New Jersey Unpaid Taxes Defense Attorney
Accomplished Lawyer For Unpaid Taxes Helps Clients In Camden County, Burlington County, Gloucester County, And Throughout South Jersey Who Are Facing Tax Penalties
As tax time rolls around, you may dread the annual process of filling out and filing your income tax return. What is worse than the filing process is the inability to pay taxes that are due with the IRS or the State of New Jersey. Then your situation becomes even more challenging. The accomplished New Jersey unpaid taxes defense attorney at The Law Offices of Michele Finizio helps clients in Camden County, Burlington County, Gloucester County, and throughout South Jersey who have unpaid taxes with the Internal Revenue Service (IRS) or the State of New Jersey.
Skilled Defense Attorney Is Experienced In Dealing With IRS Procedures For Unpaid Taxes
So what happens if you do not pay your taxes on time? Or if you only pay a portion of the taxes that you owe before the official filing deadline? The answer is that the Internal Revenue Service (IRS) will mail you a letter or notice informing you that you have been issued a Failure to Pay Penalty.
When a taxpayer is late with a tax payment — which is considered any payment that is received after the due date — the IRS assesses a Failure to Pay Penalty. This penalty is assessed on the first day that your taxes are past due, which is after the filing date (the filing date for 2021 taxes is April 18, 2022). It is important to note that if you file for an extension of time to file your tax return with the IRS, the extension only extends the filing deadline, not the deadline for payment of taxes.
Knowledgeable Defense Attorney Understands the IRS Failure to Pay Penalty and Advocates On Behalf Of New Jersey Clients to Reach Favorable Outcomes
The IRS Failure to Pay Penalty is assessed monthly and is between one and 25 percent of the amount of unpaid tax, with a maximum monthly payment of 25 percent of the total tax you owe, until the tax is paid in full. To illustrate, consider this scenario: you owe $4,000 in taxes. If your Failure to Pay Penalty is one percent, your penalty is $40 for that month.
The IRS calculates the Failure to Pay Penalty as follows:
- IRS sends the taxpayer a notice with the amount due and due date, which is generally 21 days after the notice is sent or 10 days after the notice is sent if the outstanding tax due is $100,000 or more
- If the taxpayer does not pay the tax that is owed by the due date indicated in the notice, the Failure to Pay Penalty will be 5 percent of the tax that is not paid on time for each month or part of the month that it is not paid after the due date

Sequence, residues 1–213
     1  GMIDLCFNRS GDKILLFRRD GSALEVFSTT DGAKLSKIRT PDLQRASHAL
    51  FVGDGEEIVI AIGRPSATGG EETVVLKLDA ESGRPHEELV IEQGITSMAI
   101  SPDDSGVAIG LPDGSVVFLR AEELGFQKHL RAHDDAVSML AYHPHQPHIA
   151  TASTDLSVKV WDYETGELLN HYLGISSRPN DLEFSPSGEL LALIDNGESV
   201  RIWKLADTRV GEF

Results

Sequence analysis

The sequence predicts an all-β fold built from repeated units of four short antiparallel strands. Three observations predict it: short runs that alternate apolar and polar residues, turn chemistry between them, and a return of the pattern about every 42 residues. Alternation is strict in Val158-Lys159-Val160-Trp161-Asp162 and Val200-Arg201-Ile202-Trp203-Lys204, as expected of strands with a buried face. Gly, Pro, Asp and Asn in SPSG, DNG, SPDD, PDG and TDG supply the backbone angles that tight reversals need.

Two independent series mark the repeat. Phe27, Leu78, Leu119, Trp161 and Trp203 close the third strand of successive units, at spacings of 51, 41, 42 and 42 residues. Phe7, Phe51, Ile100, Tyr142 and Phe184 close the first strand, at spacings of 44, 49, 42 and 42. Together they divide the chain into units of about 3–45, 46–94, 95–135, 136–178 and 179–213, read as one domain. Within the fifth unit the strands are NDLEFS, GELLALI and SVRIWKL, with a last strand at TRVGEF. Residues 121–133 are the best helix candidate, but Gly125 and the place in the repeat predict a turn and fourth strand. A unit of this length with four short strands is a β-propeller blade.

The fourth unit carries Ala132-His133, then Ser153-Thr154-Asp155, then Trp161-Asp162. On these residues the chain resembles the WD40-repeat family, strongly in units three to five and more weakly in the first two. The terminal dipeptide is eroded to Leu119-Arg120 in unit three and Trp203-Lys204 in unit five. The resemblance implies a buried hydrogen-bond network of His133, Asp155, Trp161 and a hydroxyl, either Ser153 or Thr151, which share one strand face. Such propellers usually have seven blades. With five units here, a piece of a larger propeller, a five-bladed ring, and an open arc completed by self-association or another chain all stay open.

- If the taxpayer’s income tax return was filed on time as an individual and they have an approved payment plan with the IRS, the Failure to Pay Penalty is lowered to 25 percent per month or partial month for the length of the approved payment plan
- If the tax that is due is not paid within ten days of receiving the notice from the IRS, the Failure to Pay Penalty is one percent per month or partial month
- The IRS applies full monthly charges, regardless of whether the tax was paid in full prior to the end of the month
If this sounds confusing, it is understandable. Tax laws are complicated. Let us help.
The New Jersey unpaid taxes defense attorney at The Law Offices of Michele Finizio has in-depth knowledge of federal and New Jersey state tax laws, and a full understanding of the IRS Failure to Pay Penalty. Learn what options are available to you for unpaid taxes; arrange a free consultation with a New Jersey unpaid tax defense attorney at The Law Offices of Michele Finizio today.
Frequently Asked Questions (FAQs) About Having Unpaid Taxes
No. These two IRS penalties are different. If you do not file your taxes, then the IRS charges a Failure to File Penalty, which is a percentage of the tax amount that you owed but did not pay. If you failed to pay the tax that you owe, then the IRS may charge a Failure to Pay Penalty. If you have a Failure to File Penalty in any given month where there is also a Failure to File Penalty, the IRS will waive the Failure to Pay Penalty. The penalties for unpaid taxes are confusing, particularly when they are issued in conjunction with a Failure to File Penalty. For a greater understanding of what you might be up against if you have unpaid taxes in New Jersey, consult with the New Jersey unpaid taxes defense attorney at The Law Offices of Michele Finizio.
If you are unable to pay the full amount that you owe the Internal Revenue Service (IRS) for your taxes, there are several different options for you to consider. First, you may apply for a payment plan with the IRS. This would not only enable you to pay what you can afford — if you have a payment arrangement with the IRS, they will reduce the Failure to Pay Penalty by half. If your financial situation prevents you from paying your taxes, you may apply for an Offer in Compromise or seek hardship status from the IRS. To fully explore the options available to you if you are unable to pay the IRS the full amount that you owe, arrange a free consultation with a New Jersey unpaid tax defense attorney at The Law Offices of Michele Finizio.